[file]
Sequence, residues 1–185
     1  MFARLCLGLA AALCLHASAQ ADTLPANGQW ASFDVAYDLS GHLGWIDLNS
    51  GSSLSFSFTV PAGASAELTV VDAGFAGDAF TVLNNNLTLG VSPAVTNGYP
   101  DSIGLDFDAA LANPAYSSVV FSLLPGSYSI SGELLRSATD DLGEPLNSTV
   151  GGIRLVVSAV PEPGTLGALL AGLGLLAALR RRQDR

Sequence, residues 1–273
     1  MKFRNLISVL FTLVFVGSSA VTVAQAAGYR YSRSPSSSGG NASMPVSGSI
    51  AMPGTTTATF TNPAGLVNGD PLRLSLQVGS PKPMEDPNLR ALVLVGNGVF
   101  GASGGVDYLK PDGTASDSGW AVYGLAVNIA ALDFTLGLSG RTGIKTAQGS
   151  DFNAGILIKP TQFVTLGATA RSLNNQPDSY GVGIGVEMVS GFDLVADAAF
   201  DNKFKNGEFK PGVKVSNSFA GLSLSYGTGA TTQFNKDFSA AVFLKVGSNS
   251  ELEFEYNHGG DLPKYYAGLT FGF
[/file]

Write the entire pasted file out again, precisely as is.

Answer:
Sequence, residues 1–185
     1  MFARLCLGLA AALCLHASAQ ADTLPANGQW ASFDVAYDLS GHLGWIDLNS
    51  GSSLSFSFTV PAGASAELTV VDAGFAGDAF TVLNNNLTLG VSPAVTNGYP
   101  DSIGLDFDAA LANPAYSSVV FSLLPGSYSI SGELLRSATD DLGEPLNSTV
   151  GGIRLVVSAV PEPGTLGALL AGLGLLAALR RRQDR

Sequence, residues 1–273
     1  MKFRNLISVL FTLVFVGSSA VTVAQAAGYR YSRSPSSSGG NASMPVSGSI
    51  AMPGTTTATF TNPAGLVNGD PLRLSLQVGS PKPMEDPNLR ALVLVGNGVF
   101  GASGGVDYLK PDGTASDSGW AVYGLAVNIA ALDFTLGLSG RTGIKTAQGS
   151  DFNAGILIKP TQFVTLGATA RSLNNQPDSY GVGIGVEMVS GFDLVADAAF
   201  DNKFKNGEFK PGVKVSNSFA GLSLSYGTGA TTQFNKDFSA AVFLKVGSNS
   251  ELEFEYNHGG DLPKYYAGLT FGF